Just north of Morristown’s suburban sprawl, a series of low ridges rises to nine hundred feet above sea level. These Highlands summits, separated by narrow valleys, have remained sparsely settled for centuries. Native Americans once hunted and foraged here. Later, notorious outlaws used the region as a hide-out, while nineteenth-century charcoal makers and quarrymen came and went. This rough country was long recognized for its freakish rock formations, glacial erratics that have since shaped local history. Native Americans may have utilized Tripod Rock (a two-hundred-ton boulder perched atop three basketball-sized stones) as a celestial calendar.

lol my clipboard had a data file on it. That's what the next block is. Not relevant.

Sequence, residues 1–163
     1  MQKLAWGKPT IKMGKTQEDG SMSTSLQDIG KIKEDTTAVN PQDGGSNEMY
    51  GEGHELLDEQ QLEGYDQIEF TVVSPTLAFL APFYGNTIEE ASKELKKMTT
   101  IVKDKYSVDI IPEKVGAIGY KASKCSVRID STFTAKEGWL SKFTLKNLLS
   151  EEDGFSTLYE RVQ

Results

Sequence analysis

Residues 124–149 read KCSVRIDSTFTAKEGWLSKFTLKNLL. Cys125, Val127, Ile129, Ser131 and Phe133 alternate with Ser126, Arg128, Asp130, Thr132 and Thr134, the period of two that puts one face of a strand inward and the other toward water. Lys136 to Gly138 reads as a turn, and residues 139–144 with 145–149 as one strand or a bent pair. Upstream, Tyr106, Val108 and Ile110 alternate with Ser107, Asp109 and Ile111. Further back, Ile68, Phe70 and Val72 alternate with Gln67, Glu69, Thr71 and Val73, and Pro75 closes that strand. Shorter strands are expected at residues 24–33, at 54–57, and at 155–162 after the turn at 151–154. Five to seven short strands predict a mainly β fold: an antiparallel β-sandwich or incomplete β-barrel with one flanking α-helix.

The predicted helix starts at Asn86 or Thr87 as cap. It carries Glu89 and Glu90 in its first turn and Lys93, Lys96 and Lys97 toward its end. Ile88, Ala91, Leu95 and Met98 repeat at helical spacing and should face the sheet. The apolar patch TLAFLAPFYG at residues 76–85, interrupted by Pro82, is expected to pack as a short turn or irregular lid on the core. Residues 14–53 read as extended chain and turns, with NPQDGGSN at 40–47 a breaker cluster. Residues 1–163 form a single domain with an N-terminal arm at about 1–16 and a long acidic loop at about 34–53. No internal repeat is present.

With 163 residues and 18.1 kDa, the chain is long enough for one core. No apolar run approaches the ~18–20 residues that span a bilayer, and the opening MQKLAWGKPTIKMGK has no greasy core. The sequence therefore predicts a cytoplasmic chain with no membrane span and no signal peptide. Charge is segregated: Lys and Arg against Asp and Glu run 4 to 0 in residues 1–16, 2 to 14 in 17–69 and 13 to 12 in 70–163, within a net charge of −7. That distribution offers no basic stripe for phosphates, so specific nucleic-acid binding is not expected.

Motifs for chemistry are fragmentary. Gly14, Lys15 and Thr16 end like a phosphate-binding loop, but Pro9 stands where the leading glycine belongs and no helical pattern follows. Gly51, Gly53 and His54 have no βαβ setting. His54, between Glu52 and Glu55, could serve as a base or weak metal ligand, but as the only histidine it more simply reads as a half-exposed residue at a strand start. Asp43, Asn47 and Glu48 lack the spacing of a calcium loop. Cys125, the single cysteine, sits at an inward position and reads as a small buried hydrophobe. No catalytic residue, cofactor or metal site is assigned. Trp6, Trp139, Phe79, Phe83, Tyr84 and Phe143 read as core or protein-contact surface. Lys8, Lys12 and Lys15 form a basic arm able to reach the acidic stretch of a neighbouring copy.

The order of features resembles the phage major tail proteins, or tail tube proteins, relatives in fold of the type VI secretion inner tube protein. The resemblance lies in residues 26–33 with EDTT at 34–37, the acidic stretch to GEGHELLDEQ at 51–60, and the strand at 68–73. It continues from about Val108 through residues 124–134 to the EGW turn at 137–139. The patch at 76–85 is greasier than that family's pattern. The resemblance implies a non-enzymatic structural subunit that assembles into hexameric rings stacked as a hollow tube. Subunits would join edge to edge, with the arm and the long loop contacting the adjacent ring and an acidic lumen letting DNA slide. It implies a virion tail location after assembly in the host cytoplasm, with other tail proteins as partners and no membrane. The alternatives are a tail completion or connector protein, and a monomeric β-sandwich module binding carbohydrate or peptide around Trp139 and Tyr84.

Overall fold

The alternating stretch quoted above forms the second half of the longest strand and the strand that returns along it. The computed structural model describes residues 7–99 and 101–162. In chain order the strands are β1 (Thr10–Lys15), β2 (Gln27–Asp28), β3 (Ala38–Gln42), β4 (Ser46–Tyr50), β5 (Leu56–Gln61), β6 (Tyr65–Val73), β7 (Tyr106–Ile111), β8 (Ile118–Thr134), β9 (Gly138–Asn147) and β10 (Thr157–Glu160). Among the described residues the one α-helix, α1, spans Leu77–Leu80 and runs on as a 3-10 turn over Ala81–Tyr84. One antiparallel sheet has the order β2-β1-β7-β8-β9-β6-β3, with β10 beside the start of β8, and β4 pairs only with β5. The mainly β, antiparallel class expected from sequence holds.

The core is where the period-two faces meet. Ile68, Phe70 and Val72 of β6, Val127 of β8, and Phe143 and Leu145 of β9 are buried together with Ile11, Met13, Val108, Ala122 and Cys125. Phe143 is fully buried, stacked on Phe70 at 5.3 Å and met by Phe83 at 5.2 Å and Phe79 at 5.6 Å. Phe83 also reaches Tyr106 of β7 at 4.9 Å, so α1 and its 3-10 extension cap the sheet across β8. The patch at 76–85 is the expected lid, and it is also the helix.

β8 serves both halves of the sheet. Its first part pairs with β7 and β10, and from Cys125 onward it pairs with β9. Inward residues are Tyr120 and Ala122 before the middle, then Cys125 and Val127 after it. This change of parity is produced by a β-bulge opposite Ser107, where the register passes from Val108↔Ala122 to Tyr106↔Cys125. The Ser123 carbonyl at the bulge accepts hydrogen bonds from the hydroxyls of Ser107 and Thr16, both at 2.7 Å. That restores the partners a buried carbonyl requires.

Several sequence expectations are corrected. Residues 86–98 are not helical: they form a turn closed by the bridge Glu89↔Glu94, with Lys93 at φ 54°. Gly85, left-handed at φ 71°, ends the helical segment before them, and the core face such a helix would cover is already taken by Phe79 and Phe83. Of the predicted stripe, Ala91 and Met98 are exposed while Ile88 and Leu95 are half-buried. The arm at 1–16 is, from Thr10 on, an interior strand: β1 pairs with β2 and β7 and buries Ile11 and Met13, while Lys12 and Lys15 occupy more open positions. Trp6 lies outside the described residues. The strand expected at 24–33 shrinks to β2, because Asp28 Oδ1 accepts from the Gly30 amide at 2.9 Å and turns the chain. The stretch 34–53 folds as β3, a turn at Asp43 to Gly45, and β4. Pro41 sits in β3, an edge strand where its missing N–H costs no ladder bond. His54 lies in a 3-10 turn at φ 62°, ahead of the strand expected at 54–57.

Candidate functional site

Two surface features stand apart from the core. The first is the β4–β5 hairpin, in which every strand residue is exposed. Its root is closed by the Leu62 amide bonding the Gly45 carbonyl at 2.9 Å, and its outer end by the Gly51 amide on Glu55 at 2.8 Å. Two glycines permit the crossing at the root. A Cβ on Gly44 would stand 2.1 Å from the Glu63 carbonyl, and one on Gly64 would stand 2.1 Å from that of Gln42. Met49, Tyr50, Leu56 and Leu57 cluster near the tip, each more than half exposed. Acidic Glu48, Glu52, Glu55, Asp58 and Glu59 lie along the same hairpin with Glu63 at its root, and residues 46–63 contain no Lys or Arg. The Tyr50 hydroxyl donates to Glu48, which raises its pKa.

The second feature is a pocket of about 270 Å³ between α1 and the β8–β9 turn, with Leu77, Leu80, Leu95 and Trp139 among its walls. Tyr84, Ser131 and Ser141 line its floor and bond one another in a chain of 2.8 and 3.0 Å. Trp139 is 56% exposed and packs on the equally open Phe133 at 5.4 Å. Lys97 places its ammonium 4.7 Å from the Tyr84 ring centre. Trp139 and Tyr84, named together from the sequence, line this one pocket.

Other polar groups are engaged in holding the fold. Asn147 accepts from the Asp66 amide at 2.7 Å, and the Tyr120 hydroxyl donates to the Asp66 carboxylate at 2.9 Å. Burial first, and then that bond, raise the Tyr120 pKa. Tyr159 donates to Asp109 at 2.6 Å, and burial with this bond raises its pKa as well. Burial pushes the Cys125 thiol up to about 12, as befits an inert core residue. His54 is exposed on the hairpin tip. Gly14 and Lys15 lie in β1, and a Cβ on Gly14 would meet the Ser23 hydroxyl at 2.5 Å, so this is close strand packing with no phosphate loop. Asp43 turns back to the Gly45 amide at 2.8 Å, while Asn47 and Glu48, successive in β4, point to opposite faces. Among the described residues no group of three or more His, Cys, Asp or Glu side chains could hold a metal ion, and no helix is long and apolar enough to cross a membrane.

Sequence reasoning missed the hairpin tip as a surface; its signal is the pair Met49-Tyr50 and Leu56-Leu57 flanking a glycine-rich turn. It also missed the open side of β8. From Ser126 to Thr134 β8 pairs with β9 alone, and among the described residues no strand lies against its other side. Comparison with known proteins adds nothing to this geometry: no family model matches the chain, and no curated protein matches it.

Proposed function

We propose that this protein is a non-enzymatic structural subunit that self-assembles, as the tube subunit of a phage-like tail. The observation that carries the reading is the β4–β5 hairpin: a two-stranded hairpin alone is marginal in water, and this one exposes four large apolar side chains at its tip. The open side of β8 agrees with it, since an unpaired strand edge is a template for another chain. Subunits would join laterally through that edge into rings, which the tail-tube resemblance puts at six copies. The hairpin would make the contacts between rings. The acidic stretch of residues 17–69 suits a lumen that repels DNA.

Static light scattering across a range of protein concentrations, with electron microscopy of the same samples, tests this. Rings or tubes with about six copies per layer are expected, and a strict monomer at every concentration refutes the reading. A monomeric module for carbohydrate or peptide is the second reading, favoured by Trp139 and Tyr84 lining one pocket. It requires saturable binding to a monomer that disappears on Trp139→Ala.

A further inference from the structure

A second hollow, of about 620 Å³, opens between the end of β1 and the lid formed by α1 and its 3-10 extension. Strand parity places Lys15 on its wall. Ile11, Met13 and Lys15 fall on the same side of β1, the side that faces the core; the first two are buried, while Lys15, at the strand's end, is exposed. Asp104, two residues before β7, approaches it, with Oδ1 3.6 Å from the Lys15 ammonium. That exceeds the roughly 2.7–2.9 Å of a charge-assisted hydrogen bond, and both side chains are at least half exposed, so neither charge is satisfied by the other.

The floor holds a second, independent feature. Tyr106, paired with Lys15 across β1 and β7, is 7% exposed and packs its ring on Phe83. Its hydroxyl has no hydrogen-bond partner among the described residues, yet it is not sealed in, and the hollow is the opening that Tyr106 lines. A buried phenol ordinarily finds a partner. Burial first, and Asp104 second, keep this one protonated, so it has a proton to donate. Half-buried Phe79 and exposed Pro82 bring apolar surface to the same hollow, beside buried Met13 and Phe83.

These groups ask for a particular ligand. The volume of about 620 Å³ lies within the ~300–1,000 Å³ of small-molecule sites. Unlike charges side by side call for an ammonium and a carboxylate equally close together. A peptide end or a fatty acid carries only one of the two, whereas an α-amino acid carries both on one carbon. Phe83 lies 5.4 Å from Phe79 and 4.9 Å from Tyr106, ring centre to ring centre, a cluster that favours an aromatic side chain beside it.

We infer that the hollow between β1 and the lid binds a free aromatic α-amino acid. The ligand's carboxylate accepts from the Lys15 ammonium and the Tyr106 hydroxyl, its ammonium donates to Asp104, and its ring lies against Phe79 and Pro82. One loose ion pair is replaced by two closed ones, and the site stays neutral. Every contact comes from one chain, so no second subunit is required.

Nineteenth-century surveyors used house-sized Bear Rock as a boundary marker. In the twentieth century, hikers laid out trails and made pilgrimages to both sites. Eventually, it was these two unique boulders that inspired conservationists to protect Pyramid Mountain. This 3.0 mile loop hike is celebrated for its spring and autumn wildflowers. It takes walkers to both Tripod Rock and Bear Rock, and to a Manhattan skyline vista.
© Glenn Scherer/Appalachian Mountain Club Books. All Rights Reserved.